It would be of great interest to know what forms of R. nakaharai crossed with what other forms have produced germination. So far, in my garden, I believe only in one year did any seeds ripen on 'Mount Seven Star.' There were only aborted capsules the fall of 1984. A very few open pollinated seeds were collected from 61-80-C, 'Mariko,' and #74-050 in 1984, for the A.R.S. Seed Exchange.
About the color of the flower in /R. nakaharai : there are detractors I have heard in lecture and in writing, concerning the flower color of the Mount Morrison form of the species, the one first introduced. In my collections there are two forms I judge to have superior flower size and color: #71-21, and cv. 'Mount Seven Star.' Jeanne Holgate, the gifted flower artist, helped me to fill out the registration form for 'Mount Seven Star.' She matched the color of my flower with paint. It was pure cadmium red. Also the visitors who see 'Mount Seven Star' in bloom declare it beautiful and desirable.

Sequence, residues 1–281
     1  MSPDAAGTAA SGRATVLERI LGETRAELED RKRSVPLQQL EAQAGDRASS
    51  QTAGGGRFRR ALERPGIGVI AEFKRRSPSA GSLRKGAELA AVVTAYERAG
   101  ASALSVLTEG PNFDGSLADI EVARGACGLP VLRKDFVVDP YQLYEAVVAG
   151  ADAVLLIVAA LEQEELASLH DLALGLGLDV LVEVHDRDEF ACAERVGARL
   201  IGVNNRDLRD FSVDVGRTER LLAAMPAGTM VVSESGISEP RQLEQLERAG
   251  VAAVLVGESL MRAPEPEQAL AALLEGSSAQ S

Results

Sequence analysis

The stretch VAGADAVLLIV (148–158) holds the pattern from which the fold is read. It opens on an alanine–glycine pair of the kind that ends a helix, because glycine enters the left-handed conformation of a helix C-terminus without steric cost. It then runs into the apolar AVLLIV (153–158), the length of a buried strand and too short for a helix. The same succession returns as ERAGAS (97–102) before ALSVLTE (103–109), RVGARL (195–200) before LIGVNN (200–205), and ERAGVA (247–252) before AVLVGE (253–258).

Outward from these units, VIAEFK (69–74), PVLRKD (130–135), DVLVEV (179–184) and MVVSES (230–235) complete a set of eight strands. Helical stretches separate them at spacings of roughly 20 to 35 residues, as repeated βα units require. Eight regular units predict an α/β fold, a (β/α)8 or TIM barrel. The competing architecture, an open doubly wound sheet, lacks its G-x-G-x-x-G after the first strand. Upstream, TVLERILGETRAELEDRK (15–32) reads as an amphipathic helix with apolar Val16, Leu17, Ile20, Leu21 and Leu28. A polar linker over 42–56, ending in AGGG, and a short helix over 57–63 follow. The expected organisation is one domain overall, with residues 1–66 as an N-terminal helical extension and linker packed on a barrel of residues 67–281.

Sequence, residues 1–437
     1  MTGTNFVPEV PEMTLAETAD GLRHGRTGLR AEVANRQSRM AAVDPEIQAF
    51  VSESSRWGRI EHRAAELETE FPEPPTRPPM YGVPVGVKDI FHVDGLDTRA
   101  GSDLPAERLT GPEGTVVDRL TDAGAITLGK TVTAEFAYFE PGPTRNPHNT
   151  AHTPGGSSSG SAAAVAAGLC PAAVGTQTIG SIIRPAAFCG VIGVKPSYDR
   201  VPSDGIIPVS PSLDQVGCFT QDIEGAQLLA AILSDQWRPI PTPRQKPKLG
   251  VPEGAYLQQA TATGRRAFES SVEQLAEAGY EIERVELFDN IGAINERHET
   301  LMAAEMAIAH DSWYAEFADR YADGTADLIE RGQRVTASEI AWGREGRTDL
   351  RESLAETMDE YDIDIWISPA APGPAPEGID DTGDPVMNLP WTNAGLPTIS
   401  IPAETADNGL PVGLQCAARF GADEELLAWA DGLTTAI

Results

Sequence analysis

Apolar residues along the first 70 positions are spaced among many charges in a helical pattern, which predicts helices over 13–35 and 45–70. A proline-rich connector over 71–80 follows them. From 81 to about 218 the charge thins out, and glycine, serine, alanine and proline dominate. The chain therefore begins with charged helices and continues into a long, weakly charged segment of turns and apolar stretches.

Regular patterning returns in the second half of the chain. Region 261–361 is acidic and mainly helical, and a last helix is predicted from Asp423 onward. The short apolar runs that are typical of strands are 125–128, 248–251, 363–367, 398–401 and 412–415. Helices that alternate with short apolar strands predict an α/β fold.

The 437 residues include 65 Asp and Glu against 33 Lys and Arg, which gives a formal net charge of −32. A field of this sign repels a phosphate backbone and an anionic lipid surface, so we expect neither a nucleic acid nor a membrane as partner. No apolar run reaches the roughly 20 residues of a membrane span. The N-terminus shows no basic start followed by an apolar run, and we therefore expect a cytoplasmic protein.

That leaves #71-21, the species with a touch of R. oldhamii (?) It has only flowered for me one or two years in the 13 years it has been growing. The color was a handsome strong scarlet and the size large. The plant is very woolly-furry, softly hairy, and prostrate, but less twiggy than the other R. nakaharai plants. It is not very hardy and grows in rather deep shade and shelter. It needs to be tested further south or on the West Coast to develop clearly its true nature before registration or further talk.
Now if one could only cross 'Mariko' with 'Mount Seven Star' what a splendid plant that might be; but if Dr. Rokujo has not succeeded, and if nobody else has, what will the taxonomists say?